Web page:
- The Washington Times - Sunday, February 2, 2003

The White House said Burma, Guatemala and Haiti have "failed demonstrably" to make substantial efforts in the past year to meet international drug-control standards.
"The Guatemalan government's counternarcotics performance deteriorated substantially in 2002," said Paul Simons, acting assistant secretary of state for international narcotics and law enforcement affairs during a briefing to outline President Bush's narcotics certification determinations for 2003.
"Specifically, narcotics seizures and narcotics-related prosecutions were sharply down. Police stole twice the quantity of drugs that they officially seized, and they were identified with drug-related extrajudicial executions of both narco-traffickers and civilians," he said on Friday.
Guatemala was among 23 countries graded on their counternarcotics performance last year. Mr. Bush can impose economic sanctions against those countries that do not comply with accepted anti-drug policies, although he waived sanctions for Guatemala and Haiti based on national- security concerns.
"These two countries will receive assistance, notwithstanding their counternarcotics performance," said White House spokesman Ari Fleischer Friday. It is the first time Guatemala had made the list.
The 22 other countries named on the president's "major drugs" list are Afghanistan, Bahamas, Bolivia, Brazil, Burma, China, Colombia, Dominican Republic, Ecuador, Haiti, India, Jamaica, Laos, Mexico, Nigeria, Pakistan, Panama, Paraguay, Peru, Thailand, Venezuela and Vietnam.
Mr. Simons noted that the Guatemalan government has reopened negotiations with the United States on a maritime counternarcotics agreement and has begun regularly destroying newly confiscated drugs not needed for evidence.
Mr. Bush also noted his concern over an "alarming increase" in the quantity of illegal synthetic drugs entering the United States, especially Ecstasy from Europe. He said a significant amount of the Ecstasy consumed in this country was manufactured clandestinely in the Netherlands.
He said the United States was working "closely" with Dutch authorities to stop the production and export of Ecstasy, "which we both regard as a serious threat to our citizens."
Mr. Bush said he expects Dutch authorities to move effectively and measurably in the coming year against the production and export of the drug, including dismantling labs and proceeding against trafficking organizations.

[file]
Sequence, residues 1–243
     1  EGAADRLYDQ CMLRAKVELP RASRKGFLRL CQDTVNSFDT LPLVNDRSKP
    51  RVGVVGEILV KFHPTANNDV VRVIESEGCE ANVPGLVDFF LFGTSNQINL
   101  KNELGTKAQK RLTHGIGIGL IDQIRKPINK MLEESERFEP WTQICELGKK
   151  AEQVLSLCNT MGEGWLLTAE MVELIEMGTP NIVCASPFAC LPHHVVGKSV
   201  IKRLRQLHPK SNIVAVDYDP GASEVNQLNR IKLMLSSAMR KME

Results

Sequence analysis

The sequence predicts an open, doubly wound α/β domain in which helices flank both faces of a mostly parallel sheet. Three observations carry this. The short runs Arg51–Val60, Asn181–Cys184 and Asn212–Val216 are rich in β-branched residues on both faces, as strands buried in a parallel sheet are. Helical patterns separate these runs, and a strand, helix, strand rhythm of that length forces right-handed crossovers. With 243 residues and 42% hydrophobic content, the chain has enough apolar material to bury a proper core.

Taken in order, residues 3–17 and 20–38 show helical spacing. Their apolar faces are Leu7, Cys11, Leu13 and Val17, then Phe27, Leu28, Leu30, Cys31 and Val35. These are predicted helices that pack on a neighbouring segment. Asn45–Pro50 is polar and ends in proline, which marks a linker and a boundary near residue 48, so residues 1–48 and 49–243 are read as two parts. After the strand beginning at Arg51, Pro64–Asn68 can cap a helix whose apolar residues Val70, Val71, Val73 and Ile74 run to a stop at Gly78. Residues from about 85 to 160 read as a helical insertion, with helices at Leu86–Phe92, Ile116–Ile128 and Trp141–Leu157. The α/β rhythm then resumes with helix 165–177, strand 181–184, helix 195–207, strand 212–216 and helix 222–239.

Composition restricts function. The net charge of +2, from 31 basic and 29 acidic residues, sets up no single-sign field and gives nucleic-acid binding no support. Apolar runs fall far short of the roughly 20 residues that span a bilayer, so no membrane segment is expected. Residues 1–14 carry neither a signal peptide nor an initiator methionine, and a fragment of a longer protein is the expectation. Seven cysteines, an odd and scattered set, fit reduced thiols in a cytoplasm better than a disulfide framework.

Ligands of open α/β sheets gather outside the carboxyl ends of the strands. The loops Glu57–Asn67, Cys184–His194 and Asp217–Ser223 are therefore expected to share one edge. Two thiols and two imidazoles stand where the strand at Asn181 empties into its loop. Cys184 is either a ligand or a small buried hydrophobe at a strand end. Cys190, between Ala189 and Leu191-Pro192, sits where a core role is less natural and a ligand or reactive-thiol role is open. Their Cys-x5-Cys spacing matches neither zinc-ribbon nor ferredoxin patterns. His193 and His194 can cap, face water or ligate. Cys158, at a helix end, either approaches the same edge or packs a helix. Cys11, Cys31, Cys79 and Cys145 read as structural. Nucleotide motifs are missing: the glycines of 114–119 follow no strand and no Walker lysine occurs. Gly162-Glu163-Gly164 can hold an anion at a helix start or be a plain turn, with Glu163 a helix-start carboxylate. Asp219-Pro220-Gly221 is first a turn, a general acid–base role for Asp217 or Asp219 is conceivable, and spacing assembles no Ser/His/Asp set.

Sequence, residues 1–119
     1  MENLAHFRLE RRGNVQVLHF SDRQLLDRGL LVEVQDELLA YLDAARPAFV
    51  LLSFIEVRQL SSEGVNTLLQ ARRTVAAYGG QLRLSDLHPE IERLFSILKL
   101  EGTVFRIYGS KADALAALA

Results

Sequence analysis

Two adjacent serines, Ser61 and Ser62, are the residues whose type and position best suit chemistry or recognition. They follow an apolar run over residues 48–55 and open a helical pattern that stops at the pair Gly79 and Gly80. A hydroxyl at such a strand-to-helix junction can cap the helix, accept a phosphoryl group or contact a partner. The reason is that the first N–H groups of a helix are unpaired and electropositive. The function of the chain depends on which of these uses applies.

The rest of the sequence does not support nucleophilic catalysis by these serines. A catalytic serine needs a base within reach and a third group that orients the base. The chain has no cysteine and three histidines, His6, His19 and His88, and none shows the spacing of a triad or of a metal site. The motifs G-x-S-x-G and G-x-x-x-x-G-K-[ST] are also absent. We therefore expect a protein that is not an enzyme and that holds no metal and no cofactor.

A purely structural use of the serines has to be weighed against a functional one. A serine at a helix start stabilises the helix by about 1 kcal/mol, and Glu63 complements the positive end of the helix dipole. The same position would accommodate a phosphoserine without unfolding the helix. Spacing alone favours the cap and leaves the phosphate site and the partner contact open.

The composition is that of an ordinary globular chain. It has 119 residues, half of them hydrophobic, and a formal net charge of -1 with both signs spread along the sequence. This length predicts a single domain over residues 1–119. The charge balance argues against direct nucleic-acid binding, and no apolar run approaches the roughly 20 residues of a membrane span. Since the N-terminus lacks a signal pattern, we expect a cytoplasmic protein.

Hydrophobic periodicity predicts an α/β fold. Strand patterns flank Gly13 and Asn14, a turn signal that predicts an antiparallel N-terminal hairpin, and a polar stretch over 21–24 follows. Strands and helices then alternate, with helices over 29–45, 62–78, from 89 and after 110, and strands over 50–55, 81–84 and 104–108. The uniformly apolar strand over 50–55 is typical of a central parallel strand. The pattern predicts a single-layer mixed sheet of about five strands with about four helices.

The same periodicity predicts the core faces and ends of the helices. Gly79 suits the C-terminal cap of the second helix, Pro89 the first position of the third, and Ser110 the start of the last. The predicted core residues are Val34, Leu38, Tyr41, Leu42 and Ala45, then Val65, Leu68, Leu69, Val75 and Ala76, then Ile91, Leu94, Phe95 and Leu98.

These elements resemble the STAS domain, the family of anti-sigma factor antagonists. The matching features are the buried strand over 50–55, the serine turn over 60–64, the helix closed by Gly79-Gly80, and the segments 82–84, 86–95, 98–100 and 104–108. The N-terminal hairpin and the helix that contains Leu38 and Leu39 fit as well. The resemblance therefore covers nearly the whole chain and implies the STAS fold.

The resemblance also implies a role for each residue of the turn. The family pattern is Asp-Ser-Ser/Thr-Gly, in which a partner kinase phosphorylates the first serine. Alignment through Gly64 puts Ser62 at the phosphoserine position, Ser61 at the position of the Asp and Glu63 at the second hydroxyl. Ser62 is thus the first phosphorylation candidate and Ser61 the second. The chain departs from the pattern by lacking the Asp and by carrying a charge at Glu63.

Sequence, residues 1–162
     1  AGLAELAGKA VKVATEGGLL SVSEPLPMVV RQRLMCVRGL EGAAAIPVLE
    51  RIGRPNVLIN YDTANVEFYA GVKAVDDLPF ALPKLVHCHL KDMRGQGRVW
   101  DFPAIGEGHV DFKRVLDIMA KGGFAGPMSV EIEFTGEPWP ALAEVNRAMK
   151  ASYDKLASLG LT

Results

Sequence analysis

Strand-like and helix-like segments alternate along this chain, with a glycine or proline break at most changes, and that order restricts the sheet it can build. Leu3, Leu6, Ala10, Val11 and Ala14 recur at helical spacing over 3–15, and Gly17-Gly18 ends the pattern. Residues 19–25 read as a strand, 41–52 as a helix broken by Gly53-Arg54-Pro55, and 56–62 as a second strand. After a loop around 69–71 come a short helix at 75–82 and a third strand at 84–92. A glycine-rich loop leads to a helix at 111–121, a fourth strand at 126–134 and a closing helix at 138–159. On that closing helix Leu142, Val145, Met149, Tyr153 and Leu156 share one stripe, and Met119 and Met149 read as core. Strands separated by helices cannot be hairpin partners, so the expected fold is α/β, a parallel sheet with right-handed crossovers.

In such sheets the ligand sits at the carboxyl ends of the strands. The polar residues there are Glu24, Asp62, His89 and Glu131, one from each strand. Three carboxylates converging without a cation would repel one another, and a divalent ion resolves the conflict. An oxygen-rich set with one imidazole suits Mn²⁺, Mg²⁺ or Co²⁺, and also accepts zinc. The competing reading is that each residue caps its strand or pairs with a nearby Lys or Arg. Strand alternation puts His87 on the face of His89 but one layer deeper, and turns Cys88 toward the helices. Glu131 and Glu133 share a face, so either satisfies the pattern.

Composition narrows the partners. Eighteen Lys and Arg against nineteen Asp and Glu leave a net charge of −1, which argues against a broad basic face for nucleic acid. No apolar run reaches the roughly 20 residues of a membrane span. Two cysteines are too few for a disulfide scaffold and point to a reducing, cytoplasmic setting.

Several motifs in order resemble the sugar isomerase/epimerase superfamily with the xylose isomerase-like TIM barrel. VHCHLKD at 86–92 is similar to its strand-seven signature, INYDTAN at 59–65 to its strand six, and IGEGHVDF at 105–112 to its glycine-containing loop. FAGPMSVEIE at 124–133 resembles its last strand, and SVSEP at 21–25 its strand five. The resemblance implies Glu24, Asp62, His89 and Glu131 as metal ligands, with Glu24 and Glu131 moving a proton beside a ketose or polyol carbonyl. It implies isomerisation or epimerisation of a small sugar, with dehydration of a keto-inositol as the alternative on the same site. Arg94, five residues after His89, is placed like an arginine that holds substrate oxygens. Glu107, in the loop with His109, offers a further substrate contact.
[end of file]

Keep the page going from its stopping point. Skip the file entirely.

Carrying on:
The president also said he was concerned that Canada had become a primary source of pseudoephedrine and an increasing source of high-potency marijuana, which are exported to the United States. Pseudoephedrine diverted from Canada is used at clandestine drug laboratories in this country to produce methamphetamine.
"The government of Canada, for the most part, has not regulated the sale and distribution of precursor chemicals," Mr. Bush said, adding that regulations to restrict the availability of pseudoephedrine "should be stronger."
With regard to Guatemala, federal authorities have been concerned about that country as a partner in the international war on drugs because of its growing involvement as a major trans-shipment point for cocaine and heroin bound for the United States.
Law-enforcement authorities and others said the Bush administration has also focused on rising corruption in Guatemala, including within the government, and on President Alfonso Portillo's reported friendship with reputed criminals.
Last year, Mr. Portillo was accused of opening bank accounts in Panama to embezzle state funds. He denied the accusations. A top Guatemalan official, Francisco Ortega Menaldo, a close adviser to Mr. Portillo, had his visa revoked last year by the U.S. government on suspicion of his involvement in smuggling and drug trafficking.
A report by the U.S.-based research organization Hemisphere Initiatives also cited links between the Guatemalan government and organized crime, saying a clandestine network involving members of the judiciary and security forces has blocked criminal investigations and pressured judges.

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